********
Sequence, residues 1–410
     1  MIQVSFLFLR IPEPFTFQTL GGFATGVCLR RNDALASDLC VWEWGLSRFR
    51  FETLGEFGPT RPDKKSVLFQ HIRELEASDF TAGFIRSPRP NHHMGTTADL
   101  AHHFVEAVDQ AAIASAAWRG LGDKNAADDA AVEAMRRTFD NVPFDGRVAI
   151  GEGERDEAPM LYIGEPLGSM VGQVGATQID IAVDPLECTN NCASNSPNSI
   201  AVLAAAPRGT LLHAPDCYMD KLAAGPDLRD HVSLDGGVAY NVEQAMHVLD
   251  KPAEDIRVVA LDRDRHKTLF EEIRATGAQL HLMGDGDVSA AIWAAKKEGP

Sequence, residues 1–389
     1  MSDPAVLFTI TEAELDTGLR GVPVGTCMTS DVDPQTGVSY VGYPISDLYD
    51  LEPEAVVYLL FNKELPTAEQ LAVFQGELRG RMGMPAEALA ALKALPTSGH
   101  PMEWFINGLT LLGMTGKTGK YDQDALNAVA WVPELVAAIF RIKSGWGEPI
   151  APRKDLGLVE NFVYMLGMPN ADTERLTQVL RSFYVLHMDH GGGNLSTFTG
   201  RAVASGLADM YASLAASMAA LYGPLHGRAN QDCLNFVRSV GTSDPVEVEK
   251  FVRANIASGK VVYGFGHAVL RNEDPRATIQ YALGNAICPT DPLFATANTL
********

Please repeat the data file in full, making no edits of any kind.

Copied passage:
Sequence, residues 1–410
     1  MIQVSFLFLR IPEPFTFQTL GGFATGVCLR RNDALASDLC VWEWGLSRFR
    51  FETLGEFGPT RPDKKSVLFQ HIRELEASDF TAGFIRSPRP NHHMGTTADL
   101  AHHFVEAVDQ AAIASAAWRG LGDKNAADDA AVEAMRRTFD NVPFDGRVAI
   151  GEGERDEAPM LYIGEPLGSM VGQVGATQID IAVDPLECTN NCASNSPNSI
   201  AVLAAAPRGT LLHAPDCYMD KLAAGPDLRD HVSLDGGVAY NVEQAMHVLD
   251  KPAEDIRVVA LDRDRHKTLF EEIRATGAQL HLMGDGDVSA AIWAAKKEGP

Sequence, residues 1–389
     1  MSDPAVLFTI TEAELDTGLR GVPVGTCMTS DVDPQTGVSY VGYPISDLYD
    51  LEPEAVVYLL FNKELPTAEQ LAVFQGELRG RMGMPAEALA ALKALPTSGH
   101  PMEWFINGLT LLGMTGKTGK YDQDALNAVA WVPELVAAIF RIKSGWGEPI
   151  APRKDLGLVE NFVYMLGMPN ADTERLTQVL RSFYVLHMDH GGGNLSTFTG
   201  RAVASGLADM YASLAASMAA LYGPLHGRAN QDCLNFVRSV GTSDPVEVEK
   251  FVRANIASGK VVYGFGHAVL RNEDPRATIQ YALGNAICPT DPLFATANTL